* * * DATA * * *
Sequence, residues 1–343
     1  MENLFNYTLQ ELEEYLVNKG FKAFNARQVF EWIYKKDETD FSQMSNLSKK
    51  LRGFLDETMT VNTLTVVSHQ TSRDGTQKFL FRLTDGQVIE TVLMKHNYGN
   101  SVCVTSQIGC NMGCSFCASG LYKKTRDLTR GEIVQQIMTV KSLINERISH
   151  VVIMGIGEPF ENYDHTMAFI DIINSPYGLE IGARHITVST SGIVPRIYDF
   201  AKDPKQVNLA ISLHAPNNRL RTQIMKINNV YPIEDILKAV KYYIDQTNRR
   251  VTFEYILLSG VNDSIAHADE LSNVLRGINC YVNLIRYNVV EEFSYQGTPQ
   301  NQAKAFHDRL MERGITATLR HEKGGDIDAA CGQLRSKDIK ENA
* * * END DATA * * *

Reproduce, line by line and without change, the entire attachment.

Sequence, residues 1–343
     1  MENLFNYTLQ ELEEYLVNKG FKAFNARQVF EWIYKKDETD FSQMSNLSKK
    51  LRGFLDETMT VNTLTVVSHQ TSRDGTQKFL FRLTDGQVIE TVLMKHNYGN
   101  SVCVTSQIGC NMGCSFCASG LYKKTRDLTR GEIVQQIMTV KSLINERISH
   151  VVIMGIGEPF ENYDHTMAFI DIINSPYGLE IGARHITVST SGIVPRIYDF
   201  AKDPKQVNLA ISLHAPNNRL RTQIMKINNV YPIEDILKAV KYYIDQTNRR
   251  VTFEYILLSG VNDSIAHADE LSNVLRGINC YVNLIRYNVV EEFSYQGTPQ
   301  NQAKAFHDRL MERGITATLR HEKGGDIDAA CGQLRSKDIK ENA